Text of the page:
HC Deb 20 May 1957 vol 570 cc841-2
14. Mr. Hurd

asked the Secretary of State for Foreign Affairs what action he is taking to ensure that British citizens resident in the United Kingdom who visit the United States of America have as easy facilities in the matter of passport visas and entry permits as United States citizens visiting the United Kingdom.

Mr. Ian Harvey

None, Sir. My right hon. and learned Friend does not consider that any useful purpose would be served by making representations to the United States Government on this subject. Since Her Majesty's Government abolished visas for United States citizens in 1948, the United States Government have abolished visa fees and progressively extended the validity of visas for United Kingdom citizens resident in the United Kingdom.

Mr. Hurd

Will my hon. Friend ask the Foreign Secretary to look at this again, because there is a good deal of feeling about it? There would be very wide support on this side of the Atlantic if the Foreign Secretary pressed for complete reciprocity between the United States and ourselves in the matter of passport conditions and visa charges. There is not complete reciprocity today.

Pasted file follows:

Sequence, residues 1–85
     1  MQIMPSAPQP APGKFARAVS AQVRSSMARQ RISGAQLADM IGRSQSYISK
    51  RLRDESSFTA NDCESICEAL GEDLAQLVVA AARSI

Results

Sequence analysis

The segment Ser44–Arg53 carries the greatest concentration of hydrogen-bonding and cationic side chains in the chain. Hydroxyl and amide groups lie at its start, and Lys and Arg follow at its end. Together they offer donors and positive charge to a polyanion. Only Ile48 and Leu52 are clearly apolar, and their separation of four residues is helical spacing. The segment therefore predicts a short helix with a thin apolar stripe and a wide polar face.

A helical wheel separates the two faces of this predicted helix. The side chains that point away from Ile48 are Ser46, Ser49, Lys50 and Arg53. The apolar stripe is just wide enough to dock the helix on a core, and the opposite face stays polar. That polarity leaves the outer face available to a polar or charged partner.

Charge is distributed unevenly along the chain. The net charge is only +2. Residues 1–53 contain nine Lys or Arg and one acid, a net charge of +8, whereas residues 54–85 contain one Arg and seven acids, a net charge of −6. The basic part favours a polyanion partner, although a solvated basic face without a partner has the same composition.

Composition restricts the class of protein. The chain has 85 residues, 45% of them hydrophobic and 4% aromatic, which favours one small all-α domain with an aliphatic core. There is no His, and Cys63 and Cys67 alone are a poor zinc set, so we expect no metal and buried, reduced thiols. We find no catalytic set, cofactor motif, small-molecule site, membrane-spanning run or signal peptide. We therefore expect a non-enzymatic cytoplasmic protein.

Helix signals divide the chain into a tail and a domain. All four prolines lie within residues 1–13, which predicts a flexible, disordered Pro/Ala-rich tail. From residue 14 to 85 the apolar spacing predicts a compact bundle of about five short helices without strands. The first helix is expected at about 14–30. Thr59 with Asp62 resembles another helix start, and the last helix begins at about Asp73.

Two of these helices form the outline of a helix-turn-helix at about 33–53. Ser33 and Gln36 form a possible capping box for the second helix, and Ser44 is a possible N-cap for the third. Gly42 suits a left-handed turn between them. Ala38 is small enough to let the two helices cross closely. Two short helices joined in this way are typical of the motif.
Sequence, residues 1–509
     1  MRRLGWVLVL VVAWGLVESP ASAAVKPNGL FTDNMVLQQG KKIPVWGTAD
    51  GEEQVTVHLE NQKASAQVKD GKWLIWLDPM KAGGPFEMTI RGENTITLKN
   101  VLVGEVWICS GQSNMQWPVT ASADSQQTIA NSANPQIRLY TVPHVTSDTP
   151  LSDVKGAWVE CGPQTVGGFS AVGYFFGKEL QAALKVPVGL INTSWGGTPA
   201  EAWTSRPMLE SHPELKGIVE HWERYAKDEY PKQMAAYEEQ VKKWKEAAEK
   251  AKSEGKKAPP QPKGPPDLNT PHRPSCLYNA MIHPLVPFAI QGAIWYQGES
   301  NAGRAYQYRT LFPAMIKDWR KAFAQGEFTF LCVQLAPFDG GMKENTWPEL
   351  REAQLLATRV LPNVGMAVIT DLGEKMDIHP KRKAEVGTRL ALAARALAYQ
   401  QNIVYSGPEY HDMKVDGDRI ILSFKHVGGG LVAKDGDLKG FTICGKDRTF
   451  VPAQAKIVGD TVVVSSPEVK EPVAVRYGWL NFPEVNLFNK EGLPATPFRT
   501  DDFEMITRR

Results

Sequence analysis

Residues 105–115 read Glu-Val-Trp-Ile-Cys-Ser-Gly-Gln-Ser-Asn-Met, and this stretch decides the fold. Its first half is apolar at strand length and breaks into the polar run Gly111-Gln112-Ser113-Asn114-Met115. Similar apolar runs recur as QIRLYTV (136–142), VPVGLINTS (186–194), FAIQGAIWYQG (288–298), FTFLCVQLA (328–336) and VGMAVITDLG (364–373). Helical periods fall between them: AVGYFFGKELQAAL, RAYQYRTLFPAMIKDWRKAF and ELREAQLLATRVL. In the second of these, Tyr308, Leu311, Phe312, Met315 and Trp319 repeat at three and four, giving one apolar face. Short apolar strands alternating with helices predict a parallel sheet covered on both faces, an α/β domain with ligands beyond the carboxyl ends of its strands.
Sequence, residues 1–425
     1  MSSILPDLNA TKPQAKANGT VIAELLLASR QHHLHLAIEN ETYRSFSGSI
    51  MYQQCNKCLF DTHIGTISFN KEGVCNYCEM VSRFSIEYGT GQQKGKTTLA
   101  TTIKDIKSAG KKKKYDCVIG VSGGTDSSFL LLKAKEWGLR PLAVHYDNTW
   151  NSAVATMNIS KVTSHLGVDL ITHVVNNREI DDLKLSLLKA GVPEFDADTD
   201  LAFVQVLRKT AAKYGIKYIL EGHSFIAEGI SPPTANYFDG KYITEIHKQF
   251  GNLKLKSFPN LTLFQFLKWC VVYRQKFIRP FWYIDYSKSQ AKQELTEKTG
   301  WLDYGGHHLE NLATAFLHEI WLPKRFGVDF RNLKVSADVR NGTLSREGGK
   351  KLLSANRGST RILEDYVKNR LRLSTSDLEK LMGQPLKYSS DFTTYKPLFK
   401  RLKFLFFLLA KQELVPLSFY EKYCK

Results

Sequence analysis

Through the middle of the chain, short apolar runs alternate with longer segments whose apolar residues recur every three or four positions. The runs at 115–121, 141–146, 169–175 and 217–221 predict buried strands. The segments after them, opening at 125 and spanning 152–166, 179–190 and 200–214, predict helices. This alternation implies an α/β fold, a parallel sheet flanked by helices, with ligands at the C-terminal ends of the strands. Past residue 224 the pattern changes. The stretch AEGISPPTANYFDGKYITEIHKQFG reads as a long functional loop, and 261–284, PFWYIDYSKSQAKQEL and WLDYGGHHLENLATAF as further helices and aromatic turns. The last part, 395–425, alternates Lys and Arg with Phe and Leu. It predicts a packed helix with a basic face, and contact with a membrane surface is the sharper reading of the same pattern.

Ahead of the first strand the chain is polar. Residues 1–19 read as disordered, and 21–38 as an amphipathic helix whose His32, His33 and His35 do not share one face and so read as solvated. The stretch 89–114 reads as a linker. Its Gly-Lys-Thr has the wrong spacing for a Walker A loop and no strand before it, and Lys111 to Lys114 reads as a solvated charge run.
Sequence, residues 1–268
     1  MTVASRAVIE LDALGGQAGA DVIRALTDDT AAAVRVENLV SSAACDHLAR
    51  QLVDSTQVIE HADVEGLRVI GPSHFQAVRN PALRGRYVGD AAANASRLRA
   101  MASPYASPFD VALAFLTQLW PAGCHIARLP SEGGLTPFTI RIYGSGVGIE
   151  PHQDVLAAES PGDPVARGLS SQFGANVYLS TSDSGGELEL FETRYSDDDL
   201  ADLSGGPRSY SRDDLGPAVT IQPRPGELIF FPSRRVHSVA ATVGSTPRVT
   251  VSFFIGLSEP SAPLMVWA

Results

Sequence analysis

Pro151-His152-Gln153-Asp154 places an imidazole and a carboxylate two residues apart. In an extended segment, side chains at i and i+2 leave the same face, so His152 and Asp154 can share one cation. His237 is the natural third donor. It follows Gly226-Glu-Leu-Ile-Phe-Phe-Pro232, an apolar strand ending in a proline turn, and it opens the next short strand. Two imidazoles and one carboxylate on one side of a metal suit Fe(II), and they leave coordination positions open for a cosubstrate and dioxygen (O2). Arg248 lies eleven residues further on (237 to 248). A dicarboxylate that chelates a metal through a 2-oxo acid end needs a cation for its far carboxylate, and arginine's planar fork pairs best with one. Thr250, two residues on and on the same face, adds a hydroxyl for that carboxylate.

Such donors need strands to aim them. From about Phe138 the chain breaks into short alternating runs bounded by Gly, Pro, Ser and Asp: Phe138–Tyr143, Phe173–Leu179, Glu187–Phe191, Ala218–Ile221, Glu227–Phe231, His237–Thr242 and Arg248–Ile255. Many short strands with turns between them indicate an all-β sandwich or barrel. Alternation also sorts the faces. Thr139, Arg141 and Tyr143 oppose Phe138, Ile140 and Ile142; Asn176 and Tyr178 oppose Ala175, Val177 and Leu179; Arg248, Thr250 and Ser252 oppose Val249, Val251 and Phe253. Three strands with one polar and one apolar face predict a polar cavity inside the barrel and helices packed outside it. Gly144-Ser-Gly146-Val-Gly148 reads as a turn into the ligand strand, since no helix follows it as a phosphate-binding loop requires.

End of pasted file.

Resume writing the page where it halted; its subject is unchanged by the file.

Mr. Harvey

I appreciate the point that there is not complete reciprocity, but these matters are for the internal arrangements of the Governments themselves; and the adjustments made have to a large extent met many of the criticisms made up to now.

Mr. Crossman

Is it not a fact that since we abolished visas for the Americans they have introduced fingerprinting for us? Is that complete reciprocity?

Mr. Harvey

The timing in the hon. Member's suggestion is not quite correct, but I entirely appreciate the position about fingerprinting.

Mr. Ridsdale

Will my hon. Friend not agree that the greatest barrier to travel to the United States is the non-availability of dollars? Will he have conversations with the American Government, or see that his right hon. and learned Friend does, to see whether tourist dollars could not be made available at a reasonably cheap rate so that, for example, tourists would not have to pay £2 for a steak in New York?

Mr. Harvey

My hon. Friend's proposal is attractive, but at the same time has nothing to do with passports.